#TheJamesRinkFoundation #grateful #wrapyourheartaroundit
I know I’ve talked a lot in this blog about how hard this year has been, and there have been many times that I felt helpless and that things were out of my control.
But watching your child be sick has got to be one of the hardest things ever!
Last night at a family gathering for my nephew Mark’s birthday, James was not wanting to participate. I pushed him and pushed him to be a part of the party, to sit at the table and sing Happy Birthday with his cousins Grady and Emily, and show my family how cute he can be!! He responded by crying and gagging to the point of throwing up. Couldn’t have been more opposite of cute. This alone is enough to make me feel horrible. But to realize the next day, that he truly was starting to be sick, makes me feel even worse. But I had no way of knowing that this “bug” had entered his system. I thought he was just being a crabby ten-year-old
boy and I wanted him to be “present” for the celebration. I demanded he be present.
I wanted him to perform.
It’s such a fine line between challenging him out of his comfort zone or not. But as I just typed that sentence I realize that when the motivation is about “me” I’ve gone too far. When will I finally get that almost everything is not about me?
Sometime around 2:30am, James woke and seemed happy. He sang songs and cuddled. But around 7am, things took a drastic turn. The fever arrived and by the way he is swallowing, I’m guessing a horrible sore throat. I don’t know. But he and Elmo were out for the count
He fell back to sleep this morning and I laid next to him and apologized. I apologized for pushing him yesterday. And I said that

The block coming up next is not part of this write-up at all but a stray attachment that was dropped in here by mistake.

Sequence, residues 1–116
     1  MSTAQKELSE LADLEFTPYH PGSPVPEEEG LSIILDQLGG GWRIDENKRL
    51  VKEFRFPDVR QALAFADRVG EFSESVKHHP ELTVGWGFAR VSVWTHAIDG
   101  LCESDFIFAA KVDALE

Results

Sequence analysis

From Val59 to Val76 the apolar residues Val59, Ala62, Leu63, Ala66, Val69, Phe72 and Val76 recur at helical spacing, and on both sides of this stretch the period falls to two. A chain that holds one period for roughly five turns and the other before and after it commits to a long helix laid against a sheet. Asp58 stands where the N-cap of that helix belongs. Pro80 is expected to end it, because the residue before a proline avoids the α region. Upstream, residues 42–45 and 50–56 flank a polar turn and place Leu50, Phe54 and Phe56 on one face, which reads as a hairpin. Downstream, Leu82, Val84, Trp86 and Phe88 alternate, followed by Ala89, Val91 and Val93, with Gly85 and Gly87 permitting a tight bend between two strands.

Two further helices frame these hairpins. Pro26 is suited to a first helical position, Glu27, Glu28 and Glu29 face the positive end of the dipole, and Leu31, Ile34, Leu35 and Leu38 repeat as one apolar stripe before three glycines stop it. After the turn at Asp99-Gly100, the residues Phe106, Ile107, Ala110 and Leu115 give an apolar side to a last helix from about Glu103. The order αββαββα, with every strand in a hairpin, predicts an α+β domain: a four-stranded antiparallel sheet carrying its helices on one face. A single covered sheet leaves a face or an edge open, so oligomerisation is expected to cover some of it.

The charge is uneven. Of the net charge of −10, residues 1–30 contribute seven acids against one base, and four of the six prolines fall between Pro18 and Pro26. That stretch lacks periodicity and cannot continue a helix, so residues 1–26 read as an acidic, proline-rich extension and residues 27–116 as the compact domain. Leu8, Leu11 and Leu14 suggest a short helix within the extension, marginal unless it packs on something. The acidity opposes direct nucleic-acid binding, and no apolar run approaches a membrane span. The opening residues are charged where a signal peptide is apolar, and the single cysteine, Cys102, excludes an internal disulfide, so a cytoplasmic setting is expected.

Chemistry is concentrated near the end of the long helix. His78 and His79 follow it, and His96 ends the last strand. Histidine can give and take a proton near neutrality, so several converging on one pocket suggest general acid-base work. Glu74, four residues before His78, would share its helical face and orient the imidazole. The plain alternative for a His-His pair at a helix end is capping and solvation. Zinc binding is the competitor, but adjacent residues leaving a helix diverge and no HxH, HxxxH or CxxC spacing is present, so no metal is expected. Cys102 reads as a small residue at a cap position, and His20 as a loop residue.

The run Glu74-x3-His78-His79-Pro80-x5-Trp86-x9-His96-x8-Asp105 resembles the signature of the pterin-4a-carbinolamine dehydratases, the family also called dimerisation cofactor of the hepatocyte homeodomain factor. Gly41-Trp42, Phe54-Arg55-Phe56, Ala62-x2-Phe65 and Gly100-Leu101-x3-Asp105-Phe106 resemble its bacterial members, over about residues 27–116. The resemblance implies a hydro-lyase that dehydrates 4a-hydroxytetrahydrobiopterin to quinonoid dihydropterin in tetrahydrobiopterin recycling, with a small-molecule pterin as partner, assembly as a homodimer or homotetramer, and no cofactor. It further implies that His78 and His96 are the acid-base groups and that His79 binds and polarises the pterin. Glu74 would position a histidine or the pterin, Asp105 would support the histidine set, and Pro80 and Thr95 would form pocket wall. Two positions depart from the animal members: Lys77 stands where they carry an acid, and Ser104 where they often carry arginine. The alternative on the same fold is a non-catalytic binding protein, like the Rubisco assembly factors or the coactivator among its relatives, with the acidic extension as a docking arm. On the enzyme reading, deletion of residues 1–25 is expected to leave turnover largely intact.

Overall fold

I know that he came into this world in this form and body to teach me and others about how to let go of all that doesn’t matter in life.
I told him that I know that his presence on this planet is bigger than participating in a birthday dinner. And that it just took me a day to remember that if singing Happy Birthday to Uncle Mark makes him feel uncomfortable, then maybe that’s okay. Because the truth is that James is thankful for Uncle Mark every single minute of every single day and doesn’t need a cake to remind him to be.
I seem to need a cake or donut to remind me of everything!
We also had a long talk about medicine and how much it would help him, if he would only take it. Sigh So here’s a Christmas puzzle for you…. James eats five foods when he’s with me; yogurt, cheese sticks, pancakes, noodles and Auntie Kiki’s toast. Occasionally a fruit cup or applesauce. And of course, lots of milk.
If someone can tell me how to hide medicine in any of these that James will not discover, it will truly be a Christmas miracle.
(I’m confident also that is someone would manufacture odorless tasteless med’s they would make a fortune. At least off us!)
Once again, it comes down to acceptance of what is, of WHO James is. And today he is sick. So, we will cuddle and sleep and pray and read Cat In The Hat books and try to stay away from the dozen’s and dozen’s of cookies on Auntie Kiki’s table. (Okay, I may have already failed at that goal and it’s only 10:15am.)
I was listening to a great book last week called “The Obstacle IS the way” and heard this;
“We wrongly assume that moving forward is the only way to progress, the only way we can win. Sometimes, staying put, going sideways, or moving backward is actually the best way.”
So today I embrace my failures. I’ll embrace going sideways and I’ll be thankful for James’ illness, only because it may be the one thing and the only way that helps me approach this Christmas season reminded of what is truly important.
Happy Birthday Uncle Mark. We love you every day.